It’s amazing how church-goers can come to such different conclusions about the Christian life. In chapter 6 we run into a few statements that, on the surface, completely contradict what Jesus says just a chapter earlier – and all part of the same sermon (now that my not shock you, but I at least try to keep things consistent within any given sermon – but all bets are off for the following week). The statement that we give priority to will often determine how we practice our faith – unless there’s another compelling factor that isn’t being considered. Consider Jesus words in 5:16 – In the same way, let your light shine before others, so that they may see your good works and give glory to your Father who is in heaven (ESV). Seems simple enough. Now, lets look at what Jesus says in 6:1 – Beware of practicing your righteousness before other people in order to be seen by them, for then you will have no reward before your Father who is in heaven (ESV). Similar sentiments are present in a few verses with regard to prayer, and later with fasting. Okay, good works and righteousness are essentially synonymous in this context, so which is it? Do we let people see our good deeds so that God may receive glory or do we only act in private before God alone and await our reward? These seem to be mutually exclusive concerns if we accept everything in a strictly wooden manner.
Once again, context should clear things up (unless we’re married to the idea that just because Jesus is quoted as saying something it must be absolutely the case in every circumstance without exception – in which case, good luck harmonizing these passages). So far as I can tell, the comments in ch 5 are part of Jesus’ declaration of the now present Kingdom of Heaven and the need for the new Kingdom’s subjects to openly represent this new program in the face of opposition. The references in ch 6 deal with subjects of the Kingdom attempting to improve their social standing within the community (using the actions of the scribes and Pharisees as the common reference point – I believe we’ve seen that before). I think we see an example of this contrast in action in the Acts of the Apostles. Barnabas sells a field, brings the proceeds to the apostles (a public action), a need is met, God is glorified. Next, Ananias and Sapphira do the same with a much different ending – and I don’t think the sale price versus the donation amount is the primary issue. I suspect, Ananias & Sapphira became somewhat envious of the attention given Barnabas and the influence he likely gained and hoped to manipulate things so as to improve their standing within the community. So, what’s the lesson? Do good works, don’t worry about who sees it, remain humble, don’t use your gift/action as a platform to gain influence within the church (pastor, board, elders, etc), don’t use the actions as a point of comparison with others, readily acknowledge God.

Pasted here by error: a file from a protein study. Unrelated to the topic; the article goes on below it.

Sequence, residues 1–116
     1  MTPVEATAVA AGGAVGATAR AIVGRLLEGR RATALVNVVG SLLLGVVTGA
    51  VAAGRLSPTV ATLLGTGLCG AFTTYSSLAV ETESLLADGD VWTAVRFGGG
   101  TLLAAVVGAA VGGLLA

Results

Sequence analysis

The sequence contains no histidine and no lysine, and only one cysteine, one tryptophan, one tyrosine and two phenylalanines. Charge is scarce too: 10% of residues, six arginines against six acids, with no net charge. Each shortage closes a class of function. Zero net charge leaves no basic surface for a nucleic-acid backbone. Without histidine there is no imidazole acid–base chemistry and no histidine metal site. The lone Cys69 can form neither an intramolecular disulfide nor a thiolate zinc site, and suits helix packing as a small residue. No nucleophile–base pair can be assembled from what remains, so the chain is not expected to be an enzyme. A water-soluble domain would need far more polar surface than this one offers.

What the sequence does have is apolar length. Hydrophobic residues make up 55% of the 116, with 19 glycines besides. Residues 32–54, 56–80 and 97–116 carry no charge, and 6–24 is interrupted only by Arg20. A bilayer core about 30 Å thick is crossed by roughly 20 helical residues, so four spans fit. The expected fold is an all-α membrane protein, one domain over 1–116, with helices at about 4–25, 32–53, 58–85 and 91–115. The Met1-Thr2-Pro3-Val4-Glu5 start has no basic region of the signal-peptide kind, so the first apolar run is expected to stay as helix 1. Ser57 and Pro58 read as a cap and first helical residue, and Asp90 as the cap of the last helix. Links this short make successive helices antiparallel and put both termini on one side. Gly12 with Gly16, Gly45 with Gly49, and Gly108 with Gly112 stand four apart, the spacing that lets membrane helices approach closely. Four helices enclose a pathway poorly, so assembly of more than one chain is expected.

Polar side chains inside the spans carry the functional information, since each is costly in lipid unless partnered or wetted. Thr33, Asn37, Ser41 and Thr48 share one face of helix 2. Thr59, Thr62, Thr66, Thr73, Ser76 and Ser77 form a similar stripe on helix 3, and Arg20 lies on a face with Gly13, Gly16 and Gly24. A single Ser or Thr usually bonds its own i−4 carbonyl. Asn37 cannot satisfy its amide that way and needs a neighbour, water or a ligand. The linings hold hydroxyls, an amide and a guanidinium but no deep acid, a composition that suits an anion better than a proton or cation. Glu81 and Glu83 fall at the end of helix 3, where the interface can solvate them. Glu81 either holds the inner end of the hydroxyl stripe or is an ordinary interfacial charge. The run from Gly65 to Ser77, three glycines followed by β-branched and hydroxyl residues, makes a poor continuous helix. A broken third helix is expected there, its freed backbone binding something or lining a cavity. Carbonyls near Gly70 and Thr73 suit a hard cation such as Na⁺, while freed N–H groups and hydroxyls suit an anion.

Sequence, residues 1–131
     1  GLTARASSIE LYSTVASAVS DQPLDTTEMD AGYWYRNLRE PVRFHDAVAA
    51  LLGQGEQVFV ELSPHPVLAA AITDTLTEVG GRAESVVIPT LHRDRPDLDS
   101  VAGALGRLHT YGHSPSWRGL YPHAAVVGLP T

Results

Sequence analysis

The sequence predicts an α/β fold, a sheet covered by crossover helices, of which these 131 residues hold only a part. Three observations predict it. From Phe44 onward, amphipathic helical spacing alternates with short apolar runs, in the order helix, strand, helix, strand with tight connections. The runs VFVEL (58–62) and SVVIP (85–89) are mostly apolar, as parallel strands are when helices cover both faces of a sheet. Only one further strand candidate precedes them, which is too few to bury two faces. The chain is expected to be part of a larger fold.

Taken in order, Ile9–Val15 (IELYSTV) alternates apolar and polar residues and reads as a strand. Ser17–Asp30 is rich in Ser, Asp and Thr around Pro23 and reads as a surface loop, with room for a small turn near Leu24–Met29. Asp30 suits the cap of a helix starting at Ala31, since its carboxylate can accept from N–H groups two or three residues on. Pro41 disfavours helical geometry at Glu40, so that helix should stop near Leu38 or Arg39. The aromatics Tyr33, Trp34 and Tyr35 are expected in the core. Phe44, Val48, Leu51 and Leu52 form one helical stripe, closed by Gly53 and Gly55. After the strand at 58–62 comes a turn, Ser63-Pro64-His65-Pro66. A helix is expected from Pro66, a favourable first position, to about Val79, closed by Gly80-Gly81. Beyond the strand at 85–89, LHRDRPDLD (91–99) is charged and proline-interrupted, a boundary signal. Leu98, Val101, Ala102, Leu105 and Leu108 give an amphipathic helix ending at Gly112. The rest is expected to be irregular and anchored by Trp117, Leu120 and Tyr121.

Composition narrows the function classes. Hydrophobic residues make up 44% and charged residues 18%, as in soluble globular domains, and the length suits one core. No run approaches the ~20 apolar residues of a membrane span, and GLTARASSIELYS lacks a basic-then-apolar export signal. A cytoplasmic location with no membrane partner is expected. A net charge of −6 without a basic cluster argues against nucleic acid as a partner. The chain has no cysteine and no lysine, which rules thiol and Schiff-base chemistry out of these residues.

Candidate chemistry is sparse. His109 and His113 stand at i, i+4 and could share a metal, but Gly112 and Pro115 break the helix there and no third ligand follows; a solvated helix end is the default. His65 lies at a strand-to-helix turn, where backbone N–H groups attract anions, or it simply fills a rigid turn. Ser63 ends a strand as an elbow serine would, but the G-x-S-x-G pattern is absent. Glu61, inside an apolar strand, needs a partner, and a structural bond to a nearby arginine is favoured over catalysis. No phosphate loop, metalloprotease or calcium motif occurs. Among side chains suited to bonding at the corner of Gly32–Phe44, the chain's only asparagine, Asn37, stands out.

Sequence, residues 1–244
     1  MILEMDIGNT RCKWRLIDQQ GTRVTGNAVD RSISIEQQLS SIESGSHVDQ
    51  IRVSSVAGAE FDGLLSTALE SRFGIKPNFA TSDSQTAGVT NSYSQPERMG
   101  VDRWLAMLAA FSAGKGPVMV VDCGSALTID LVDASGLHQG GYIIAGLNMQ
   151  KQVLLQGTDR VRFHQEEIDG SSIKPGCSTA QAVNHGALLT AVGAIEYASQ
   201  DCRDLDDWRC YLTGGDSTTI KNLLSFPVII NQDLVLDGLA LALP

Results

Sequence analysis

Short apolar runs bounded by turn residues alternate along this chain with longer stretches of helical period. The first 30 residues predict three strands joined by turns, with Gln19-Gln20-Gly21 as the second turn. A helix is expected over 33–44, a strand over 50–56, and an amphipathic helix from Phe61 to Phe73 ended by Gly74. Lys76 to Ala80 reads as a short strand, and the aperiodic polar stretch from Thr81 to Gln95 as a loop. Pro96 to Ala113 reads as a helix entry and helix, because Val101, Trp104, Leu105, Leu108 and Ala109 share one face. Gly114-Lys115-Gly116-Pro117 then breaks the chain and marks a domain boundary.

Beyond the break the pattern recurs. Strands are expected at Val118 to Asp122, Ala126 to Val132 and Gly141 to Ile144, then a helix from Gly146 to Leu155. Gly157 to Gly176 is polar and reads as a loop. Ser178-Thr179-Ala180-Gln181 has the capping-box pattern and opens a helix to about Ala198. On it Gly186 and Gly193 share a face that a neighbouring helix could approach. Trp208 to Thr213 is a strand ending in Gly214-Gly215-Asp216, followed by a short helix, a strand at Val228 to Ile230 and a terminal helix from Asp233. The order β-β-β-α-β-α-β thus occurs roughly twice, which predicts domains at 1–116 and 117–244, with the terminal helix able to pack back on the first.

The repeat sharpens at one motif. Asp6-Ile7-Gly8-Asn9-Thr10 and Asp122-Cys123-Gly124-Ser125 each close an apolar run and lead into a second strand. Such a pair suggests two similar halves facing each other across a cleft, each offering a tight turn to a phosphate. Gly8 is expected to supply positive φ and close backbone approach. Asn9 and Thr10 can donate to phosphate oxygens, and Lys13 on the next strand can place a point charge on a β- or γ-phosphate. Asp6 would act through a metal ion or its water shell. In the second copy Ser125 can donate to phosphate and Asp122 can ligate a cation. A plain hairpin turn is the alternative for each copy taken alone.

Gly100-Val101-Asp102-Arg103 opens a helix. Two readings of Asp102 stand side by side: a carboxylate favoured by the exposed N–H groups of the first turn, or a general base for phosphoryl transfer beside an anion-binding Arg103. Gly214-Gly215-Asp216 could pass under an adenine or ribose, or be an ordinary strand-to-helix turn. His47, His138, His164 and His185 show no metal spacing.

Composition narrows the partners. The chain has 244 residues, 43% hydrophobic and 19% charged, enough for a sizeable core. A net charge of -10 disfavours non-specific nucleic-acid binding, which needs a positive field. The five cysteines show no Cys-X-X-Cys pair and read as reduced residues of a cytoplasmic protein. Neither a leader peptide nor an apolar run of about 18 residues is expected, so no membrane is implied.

Lets take a few moments to consider some of the topics covered in ch 6. Most of this chapter deals with issues surrounding personal devotion. It deals with giving to the needy, prayer life, fasting, the assigning of value (generosity), and worry (this last one ties more closely with the early considerations of ch 7, thus another reason it’s better to read/consider these passages as a whole – the entire ‘sermon’ together rather than just little pieces). Also, the activities of the scribes and Pharisees stand in contrast (direct or implied) to what Jesus is saying.
Giving to the Needy: giving alms was a required discipline – a bit more than giving a ‘hand out’ to the guy with a sign on the side of the road. However, in an attempt to make sure that everyone knew that they were completely fulfilling the all the ‘letters of the law,’ those who controlled the religious life of the day would make a production (clearly not everyone did this, but common enough – the same might be said of prayer and fasting below). At any rate, the focus moves away from the real need of a brother/sister and instead shifts to the incredibly ‘selfless’ act of the one giving the assistance (please note the sarcasm). It’s also helpful to note that Jesus expects that citizens of the Kingdom of Heaven will in fact continue to provide practical assistance to those in need (and that there may in fact still be needy Kingdom citizens as it is being established).